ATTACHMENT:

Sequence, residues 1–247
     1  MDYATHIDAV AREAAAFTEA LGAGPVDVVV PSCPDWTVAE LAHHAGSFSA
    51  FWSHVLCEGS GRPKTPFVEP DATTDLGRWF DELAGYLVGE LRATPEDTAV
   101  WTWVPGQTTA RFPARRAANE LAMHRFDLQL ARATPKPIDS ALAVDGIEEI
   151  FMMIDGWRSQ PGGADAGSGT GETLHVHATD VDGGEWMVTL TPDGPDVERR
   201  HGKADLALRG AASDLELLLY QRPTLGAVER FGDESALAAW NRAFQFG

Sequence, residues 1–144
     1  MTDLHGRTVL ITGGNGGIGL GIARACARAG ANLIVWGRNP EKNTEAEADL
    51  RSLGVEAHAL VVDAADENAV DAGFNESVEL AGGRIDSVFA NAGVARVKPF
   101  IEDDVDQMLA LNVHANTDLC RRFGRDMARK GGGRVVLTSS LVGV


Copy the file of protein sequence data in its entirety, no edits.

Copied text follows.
Sequence, residues 1–247
     1  MDYATHIDAV AREAAAFTEA LGAGPVDVVV PSCPDWTVAE LAHHAGSFSA
    51  FWSHVLCEGS GRPKTPFVEP DATTDLGRWF DELAGYLVGE LRATPEDTAV
   101  WTWVPGQTTA RFPARRAANE LAMHRFDLQL ARATPKPIDS ALAVDGIEEI
   151  FMMIDGWRSQ PGGADAGSGT GETLHVHATD VDGGEWMVTL TPDGPDVERR
   201  HGKADLALRG AASDLELLLY QRPTLGAVER FGDESALAAW NRAFQFG

Sequence, residues 1–144
     1  MTDLHGRTVL ITGGNGGIGL GIARACARAG ANLIVWGRNP EKNTEAEADL
    51  RSLGVEAHAL VVDAADENAV DAGFNESVEL AGGRIDSVFA NAGVARVKPF
   101  IEDDVDQMLA LNVHANTDLC RRFGRDMARK GGGRVVLTSS LVGV